CHICAGO At Roberto Santos General Hospital in Salvador, Brazil, Dr. Antonio Almeida and a team of specialists are closely following two groups of women: Those who deliver babies with abnormally small heads and those who deliver apparently normal babies.
The hospital is one of three in this city on Brazil’s eastern coast where investigators are studying the most urgent question of the Zika outbreak: Is the virus causing a spike in birth defects, and, if so, how great is the risk?
The answer will help shape the response to the rapid spread of Zika throughout the Americas. Concerns over the potential link to microcephaly have prompted a U.S. alert advising pregnant women against travel to 31 countries and territories with outbreaks.
Officials in El Salvador, Colombia, Ecuador and Jamaica have urged women to delay pregnancies. The many unknowns about Zika's effects and transmission have cast a shadow over plans for the Olympic Games in Rio, set to begin in early August.
The evidence so far is compelling enough that the World Health Organization declared an international health emergency Feb. 1. But it is mostly circumstantial: Suspected cases of microcephaly - a rare birth defect characterized by small head size and an underdeveloped brain - spiked 30-fold in late 2015, months after Zika's arrival in Brazil.
There is harder evidence as well. Brazilian researchers have isolated the virus in brain tissue and amniotic fluid of 17 babies and stillborn fetuses with microcephaly whose mothers had symptoms of Zika infection during pregnancy.
The finding provides scientific plausibility that Zika could cause microcephaly, a condition that can result in developmental delays as well as seizures, hearing loss, vision problems and trouble swallowing. They can range from mild to severe.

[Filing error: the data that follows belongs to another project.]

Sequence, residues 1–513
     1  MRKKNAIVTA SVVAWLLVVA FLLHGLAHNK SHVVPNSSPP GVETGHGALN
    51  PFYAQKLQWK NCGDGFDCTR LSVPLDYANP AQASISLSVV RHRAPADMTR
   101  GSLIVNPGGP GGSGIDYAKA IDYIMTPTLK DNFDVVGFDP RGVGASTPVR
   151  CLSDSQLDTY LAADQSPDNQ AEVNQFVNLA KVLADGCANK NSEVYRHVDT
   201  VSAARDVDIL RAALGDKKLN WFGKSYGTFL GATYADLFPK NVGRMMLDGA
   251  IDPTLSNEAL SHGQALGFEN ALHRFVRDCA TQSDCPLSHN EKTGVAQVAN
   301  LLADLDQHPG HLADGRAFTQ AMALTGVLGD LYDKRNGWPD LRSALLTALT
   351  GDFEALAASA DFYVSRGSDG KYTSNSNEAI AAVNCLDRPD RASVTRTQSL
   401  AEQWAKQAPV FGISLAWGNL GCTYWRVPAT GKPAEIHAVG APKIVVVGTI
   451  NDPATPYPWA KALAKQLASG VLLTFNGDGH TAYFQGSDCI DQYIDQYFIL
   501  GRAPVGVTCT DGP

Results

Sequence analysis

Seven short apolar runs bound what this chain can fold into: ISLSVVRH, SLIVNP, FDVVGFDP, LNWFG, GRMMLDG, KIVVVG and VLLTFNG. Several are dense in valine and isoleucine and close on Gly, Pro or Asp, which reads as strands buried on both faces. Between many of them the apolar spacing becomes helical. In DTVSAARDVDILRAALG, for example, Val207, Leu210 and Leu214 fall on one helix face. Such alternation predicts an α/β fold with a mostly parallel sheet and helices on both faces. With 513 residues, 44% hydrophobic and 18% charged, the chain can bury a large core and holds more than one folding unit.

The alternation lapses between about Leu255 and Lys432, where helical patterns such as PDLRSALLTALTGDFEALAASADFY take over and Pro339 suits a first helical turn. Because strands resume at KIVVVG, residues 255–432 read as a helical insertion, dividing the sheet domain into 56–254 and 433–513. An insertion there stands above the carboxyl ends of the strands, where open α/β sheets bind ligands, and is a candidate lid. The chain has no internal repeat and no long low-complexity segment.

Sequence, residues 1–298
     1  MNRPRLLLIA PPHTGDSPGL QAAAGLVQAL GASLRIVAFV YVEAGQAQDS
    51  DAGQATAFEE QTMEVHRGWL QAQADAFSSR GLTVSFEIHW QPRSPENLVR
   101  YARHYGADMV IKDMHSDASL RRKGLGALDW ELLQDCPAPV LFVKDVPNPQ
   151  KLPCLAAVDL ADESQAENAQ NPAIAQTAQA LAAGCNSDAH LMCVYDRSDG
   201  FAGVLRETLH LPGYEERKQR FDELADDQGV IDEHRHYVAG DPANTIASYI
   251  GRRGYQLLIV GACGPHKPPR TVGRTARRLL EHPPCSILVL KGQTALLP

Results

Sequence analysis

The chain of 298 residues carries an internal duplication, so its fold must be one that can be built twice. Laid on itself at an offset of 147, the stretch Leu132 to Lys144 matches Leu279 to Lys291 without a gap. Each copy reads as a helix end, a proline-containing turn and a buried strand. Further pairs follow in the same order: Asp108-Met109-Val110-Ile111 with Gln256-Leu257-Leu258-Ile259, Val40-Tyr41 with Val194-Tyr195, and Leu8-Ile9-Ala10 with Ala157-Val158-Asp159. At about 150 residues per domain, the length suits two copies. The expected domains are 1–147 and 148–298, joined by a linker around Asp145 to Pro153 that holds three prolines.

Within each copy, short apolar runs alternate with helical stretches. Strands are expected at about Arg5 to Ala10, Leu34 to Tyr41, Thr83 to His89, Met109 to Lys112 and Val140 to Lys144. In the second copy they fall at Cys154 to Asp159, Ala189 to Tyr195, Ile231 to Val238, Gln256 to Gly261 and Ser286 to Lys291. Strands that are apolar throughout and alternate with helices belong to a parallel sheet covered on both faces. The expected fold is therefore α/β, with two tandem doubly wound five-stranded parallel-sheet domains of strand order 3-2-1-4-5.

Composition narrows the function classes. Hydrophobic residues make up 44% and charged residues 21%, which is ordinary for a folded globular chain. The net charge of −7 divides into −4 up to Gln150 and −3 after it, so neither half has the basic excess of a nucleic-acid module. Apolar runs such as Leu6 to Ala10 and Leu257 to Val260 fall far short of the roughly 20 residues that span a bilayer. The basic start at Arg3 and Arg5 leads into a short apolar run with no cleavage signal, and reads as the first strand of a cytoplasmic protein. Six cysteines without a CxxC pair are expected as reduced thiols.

"We know the virus can cross the placenta," said Dr. Albert Ko, a tropical disease specialist at Yale University and the Oswaldo Cruz Foundation, a government research institute in Salvador. "It can infect the baby, and it's likely the reason why these fetuses were stillborn or had congenital malformations. That is what we know up to this point."
The study in the Salvador hospitals is one of several aimed at proving or debunking the suspicion that Zika causes microcephaly.
In the northeastern city of Recife, Dr. Ernesto Marques, a researcher from the University of Pittsburgh and Fiocruz Pernambuco, the state arm of the Oswaldo Cruz Foundation, is finalizing plans for a similar study in 12 hospitals.
Separately, the U.S. Centers for Disease Control and Prevention is planning a retrospective study looking at microcephaly cases already reported and comparing them to healthy births.
The virus was discovered in 1947 in Uganda's Zika Forest. For decades, Zika had been associated only with mild symptoms, making it less of a concern than similar mosquito-transmitted viruses, such as dengue and yellow fever.
Brazil is investigating more than 4,000 suspected cases of microcephaly reported since October and, so far, has confirmed more than 400. That is a significant increase from about 150 cases in a typical year.
Experts believe it will take six to nine months to begin to understand whether Zika can cause microcephaly. But it may take longer to reach scientific consensus.